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Impact of physical activity, sedentary behaviour and muscle strength on bone stiffness in 2–10-year-old children-cross-sectional results from the IDEFICS study

Overview of attention for article published in International Journal of Behavioral Nutrition and Physical Activity, September 2015
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About this Attention Score

  • In the top 5% of all research outputs scored by Altmetric
  • High Attention Score compared to outputs of the same age (96th percentile)
  • High Attention Score compared to outputs of the same age and source (99th percentile)

Mentioned by

news
6 news outlets
blogs
1 blog
policy
1 policy source
twitter
5 tweeters
facebook
1 Facebook page

Citations

dimensions_citation
37 Dimensions

Readers on

mendeley
216 Mendeley
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Title
Impact of physical activity, sedentary behaviour and muscle strength on bone stiffness in 2–10-year-old children-cross-sectional results from the IDEFICS study
Published in
International Journal of Behavioral Nutrition and Physical Activity, September 2015
DOI 10.1186/s12966-015-0273-6
Pubmed ID
Authors

Diana Herrmann, Christoph Buck, Isabelle Sioen, Yiannis Kouride, Staffan Marild, Dénes Molnár, Theodora Mouratidou, Yannis Pitsiladis, Paola Russo, Toomas Veidebaum, Wolfgang Ahrens

Abstract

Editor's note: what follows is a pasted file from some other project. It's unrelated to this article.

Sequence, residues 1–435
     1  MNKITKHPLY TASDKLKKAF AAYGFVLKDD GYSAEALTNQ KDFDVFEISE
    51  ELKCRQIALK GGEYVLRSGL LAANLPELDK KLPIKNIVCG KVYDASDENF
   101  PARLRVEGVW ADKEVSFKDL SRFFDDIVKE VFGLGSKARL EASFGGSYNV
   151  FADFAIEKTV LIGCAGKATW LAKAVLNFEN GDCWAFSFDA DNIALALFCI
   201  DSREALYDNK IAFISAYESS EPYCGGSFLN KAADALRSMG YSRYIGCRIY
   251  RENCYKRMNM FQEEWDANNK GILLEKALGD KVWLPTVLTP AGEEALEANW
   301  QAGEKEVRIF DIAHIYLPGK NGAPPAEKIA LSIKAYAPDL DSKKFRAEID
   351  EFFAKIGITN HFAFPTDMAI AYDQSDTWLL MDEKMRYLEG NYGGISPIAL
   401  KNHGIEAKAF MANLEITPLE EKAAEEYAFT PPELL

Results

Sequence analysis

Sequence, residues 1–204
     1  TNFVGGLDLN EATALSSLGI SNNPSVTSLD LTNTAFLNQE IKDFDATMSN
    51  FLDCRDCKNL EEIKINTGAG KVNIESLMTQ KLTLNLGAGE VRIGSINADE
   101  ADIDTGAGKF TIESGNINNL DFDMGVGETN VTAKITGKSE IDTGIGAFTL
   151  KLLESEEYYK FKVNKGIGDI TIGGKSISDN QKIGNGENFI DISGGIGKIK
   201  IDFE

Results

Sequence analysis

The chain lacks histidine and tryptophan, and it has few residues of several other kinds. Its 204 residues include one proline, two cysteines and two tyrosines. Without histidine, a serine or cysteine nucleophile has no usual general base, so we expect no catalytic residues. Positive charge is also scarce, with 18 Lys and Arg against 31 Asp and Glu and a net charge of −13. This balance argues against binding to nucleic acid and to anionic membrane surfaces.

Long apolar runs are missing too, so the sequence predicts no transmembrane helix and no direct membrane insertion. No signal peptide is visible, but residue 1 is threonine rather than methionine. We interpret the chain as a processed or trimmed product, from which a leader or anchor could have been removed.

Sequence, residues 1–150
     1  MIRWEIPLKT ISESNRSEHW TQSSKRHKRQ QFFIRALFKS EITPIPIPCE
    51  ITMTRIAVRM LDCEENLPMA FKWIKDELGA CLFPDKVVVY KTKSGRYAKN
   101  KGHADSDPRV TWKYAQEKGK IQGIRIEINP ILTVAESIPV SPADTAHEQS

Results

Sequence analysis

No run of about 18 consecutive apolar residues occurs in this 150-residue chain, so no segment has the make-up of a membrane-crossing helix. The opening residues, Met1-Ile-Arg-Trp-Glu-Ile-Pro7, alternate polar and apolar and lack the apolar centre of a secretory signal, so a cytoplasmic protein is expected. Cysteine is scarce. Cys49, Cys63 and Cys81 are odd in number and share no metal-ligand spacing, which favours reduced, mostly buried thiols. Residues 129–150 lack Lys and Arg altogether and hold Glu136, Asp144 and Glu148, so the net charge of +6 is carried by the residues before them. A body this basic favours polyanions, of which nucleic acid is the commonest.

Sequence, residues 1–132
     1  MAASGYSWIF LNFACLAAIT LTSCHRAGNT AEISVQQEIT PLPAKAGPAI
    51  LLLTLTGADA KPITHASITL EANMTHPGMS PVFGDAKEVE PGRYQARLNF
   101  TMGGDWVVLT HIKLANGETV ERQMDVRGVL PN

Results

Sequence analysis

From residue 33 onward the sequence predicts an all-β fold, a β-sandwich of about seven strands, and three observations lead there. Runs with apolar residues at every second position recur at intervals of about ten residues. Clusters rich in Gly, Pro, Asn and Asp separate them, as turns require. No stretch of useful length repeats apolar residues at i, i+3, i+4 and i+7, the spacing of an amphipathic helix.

Physical activity (PA), weight-bearing exercises (WBE) and muscle strength contribute to skeletal development, while sedentary behaviour (SB) adversely affects bone health. Previous studies examined the isolated effect of PA, SB or muscle strength on bone health, which was usually assessed by x-ray methods, in children. Little is known about the combined effects of these factors on bone stiffness (SI) assessed by quantitative ultrasound. We investigated the joint association of PA, SB and muscle strength on SI in children. In 1512 preschool (2- < 6 years) and 2953 school children (6-10 years), data on calcaneal SI as well as on accelerometer-based sedentary time (SED), light (LPA), moderate (MPA) and vigorous PA (VPA) were available. Parents reported sports (WBE versus no WBE), leisure time PA and screen time of their children. Jumping distance and handgrip strength served as indicators for muscle strength. The association of PA, SB and muscle strength with SI was estimated by multivariate linear regression, stratified by age group. Models were adjusted for age, sex, country, fat-free mass, daylight duration, consumption of dairy products and PA, or respectively SB. Mean SI was similar in preschool (79.5 ± 15.0) and school children (81.3 ± 12.1). In both age groups, an additional 10 min/day in MPA or VPA increased the SI on average by 1 or 2 %, respectively (p ≤ .05). The negative association of SED with SI decreased after controlling for MVPA. LPA was not associated with SI. Furthermore, participation in WBE led to a 3 and 2 % higher SI in preschool (p = 0.003) and school children (p < .001), respectively. Although muscle strength significantly contributed to SI, it did not affect the associations of PA with SI. In contrast to objectively assessed PA, reported leisure time PA and screen time showed no remarkable association with SI. This study suggests that already an additional 10 min/day of MPA or VPA or the participation in WBE may result in a relevant increase in SI in children, taking muscle strength and SB into account. Our results support the importance of assessing accelerometer-based PA in large-scale studies. This may be important when deriving dose-response relationships between PA and bone health in children.